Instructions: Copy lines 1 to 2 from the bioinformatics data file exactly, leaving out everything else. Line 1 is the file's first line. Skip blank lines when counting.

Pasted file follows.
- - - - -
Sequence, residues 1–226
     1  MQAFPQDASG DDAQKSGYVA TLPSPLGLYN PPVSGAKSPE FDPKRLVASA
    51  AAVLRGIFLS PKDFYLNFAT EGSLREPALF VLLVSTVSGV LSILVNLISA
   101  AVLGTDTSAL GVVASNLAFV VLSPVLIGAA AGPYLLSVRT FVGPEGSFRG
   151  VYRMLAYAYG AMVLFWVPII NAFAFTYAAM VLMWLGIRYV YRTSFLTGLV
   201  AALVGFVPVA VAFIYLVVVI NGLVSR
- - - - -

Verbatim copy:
Sequence, residues 1–226
     1  MQAFPQDASG DDAQKSGYVA TLPSPLGLYN PPVSGAKSPE FDPKRLVASA